Rock Balancing


by Tony Curtis

Each one must fit into the palm of my hand, anything else is a boulder, a rock. And I spend as long as it takes to find, an hour, more – that is not the point. What could be urgent about this place, the waves, the sky to the west? And sometimes there is nothing to take home; and that’s alright too.

                Laura used to say that this sky went on for ever and ever, over the rim of what you could reach. Gazing down at the beach, scuffing pebbles with my foot, always my right foot, I get lost in that concentrated searching, sifting shapes and uncovering what might be the right curve, ventricles and that indentation for the aorta where the forefinger fits and the pericardial space which should snug into the palm. The heart is a messy complex, a thudding, pumping organ with its valves the semilunar and tricuspid, and tubes and the vena cava, superior and inferior, the atrium each side. None of which seems to  matter to us for the heart has been simplified to a song, a greetings card, an emoji, a balloon to be let loose on special occasions. And that’s fine. The heart shape is what I have chosen and what I remember from the visits we had to all the beaches all through the years together.




This beach is where I return because this was our last beach, the last few visits while she could still manage it, the journey and the unpacking, the queues and road-works, dusting the caravan and weeding around the wheels. Not to mention the steps and the narrow bed, which later she had to have to herself.

                 Here’s one with a flinky edge squat in the sand which uncovered becomes a torso if you hold it on its narrow end and stand it; it could be mounted on a small wooden plinth; the Venus of Willendorf, plump belly, but without the enormous breasts. Laura without breasts.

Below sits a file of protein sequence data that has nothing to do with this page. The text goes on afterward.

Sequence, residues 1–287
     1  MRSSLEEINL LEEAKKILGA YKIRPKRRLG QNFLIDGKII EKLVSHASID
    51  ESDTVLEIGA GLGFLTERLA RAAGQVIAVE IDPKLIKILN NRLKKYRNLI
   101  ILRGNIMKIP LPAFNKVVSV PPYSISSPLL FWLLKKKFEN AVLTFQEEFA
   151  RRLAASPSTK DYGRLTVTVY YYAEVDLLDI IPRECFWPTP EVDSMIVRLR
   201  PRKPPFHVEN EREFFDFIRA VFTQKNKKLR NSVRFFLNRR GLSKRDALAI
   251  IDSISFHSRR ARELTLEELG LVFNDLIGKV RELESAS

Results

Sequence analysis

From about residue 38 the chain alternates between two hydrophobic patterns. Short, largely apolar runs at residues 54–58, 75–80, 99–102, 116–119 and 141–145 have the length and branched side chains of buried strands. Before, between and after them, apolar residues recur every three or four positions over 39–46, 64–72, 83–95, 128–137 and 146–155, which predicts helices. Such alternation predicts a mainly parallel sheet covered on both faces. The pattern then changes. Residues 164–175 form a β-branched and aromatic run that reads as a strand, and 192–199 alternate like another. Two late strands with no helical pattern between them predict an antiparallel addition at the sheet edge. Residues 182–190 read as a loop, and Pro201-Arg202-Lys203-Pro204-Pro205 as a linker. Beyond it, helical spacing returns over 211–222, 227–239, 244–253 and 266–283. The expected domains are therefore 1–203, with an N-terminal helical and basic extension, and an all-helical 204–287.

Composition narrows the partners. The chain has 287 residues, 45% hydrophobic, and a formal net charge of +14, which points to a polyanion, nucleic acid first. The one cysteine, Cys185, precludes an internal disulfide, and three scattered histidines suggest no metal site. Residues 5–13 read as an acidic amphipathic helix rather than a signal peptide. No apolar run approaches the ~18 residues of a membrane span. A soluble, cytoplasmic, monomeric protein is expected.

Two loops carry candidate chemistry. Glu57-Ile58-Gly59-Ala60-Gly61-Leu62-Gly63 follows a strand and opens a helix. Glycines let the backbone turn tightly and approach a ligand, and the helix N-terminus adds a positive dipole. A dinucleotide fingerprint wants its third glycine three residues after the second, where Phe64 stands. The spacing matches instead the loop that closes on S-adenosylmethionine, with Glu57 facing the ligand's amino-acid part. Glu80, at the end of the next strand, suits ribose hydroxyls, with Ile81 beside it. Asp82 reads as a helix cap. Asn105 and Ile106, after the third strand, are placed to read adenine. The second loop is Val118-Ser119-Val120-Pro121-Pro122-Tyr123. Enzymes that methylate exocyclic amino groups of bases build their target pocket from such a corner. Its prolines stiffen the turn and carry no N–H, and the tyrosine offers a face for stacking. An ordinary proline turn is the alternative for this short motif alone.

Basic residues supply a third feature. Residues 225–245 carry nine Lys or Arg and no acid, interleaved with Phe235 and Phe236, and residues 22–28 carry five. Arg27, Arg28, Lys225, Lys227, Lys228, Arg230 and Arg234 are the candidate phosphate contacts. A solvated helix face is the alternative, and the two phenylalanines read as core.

Because this is how things start, beliefs, seeing what you wish for in what you happen upon, what you find. The shadows in a cave, the figure in the stars, the shapes of life in the driftwood and the pebbles. Worship this as the image of what you need they seem to say. Hold this and feel that which is ineffable. Let what is above you, or in your hand, be the meaning. What is given you take and turn into what you want it to be, whatever significance you need.




Buster was an alibi, as most dogs can be for the solitary walker, the couple who no longer talk directly to each other. In that respect I miss him, we both, at first, missed him terribly. When Jane the vet put him down it was tough, a rehearsal for worse to come. Pentobarbital works efficiently and Jane explains that what Buster experiences is a gradual sleep during which his heart “shuts down”. I’m convinced by that and the way that it validates our decision; but Laura says her heart can’t shut down. She takes it badly.

                We had no choice: he was a lively and healthy black lab we’d had from a reputable breeder in Glamorgan, which was when we started to return to this part of the coast and became attached to it. Buster was a failed gun dog, but only, apparently, as his nose wasn’t up to it. ‘This is one is ideal as long as you don’t want to hunt and shoot with him. He’s been a quick learner, but the nose has been a problem. And without the nose….’

                 ‘We can live without a perfect nose,’ said Laura and she was proved right for that dog was glued to her left side and sat and set at our command. He was a professionally-trained sporting dog, as the breeder had claimed. That was his great strength and his undoing.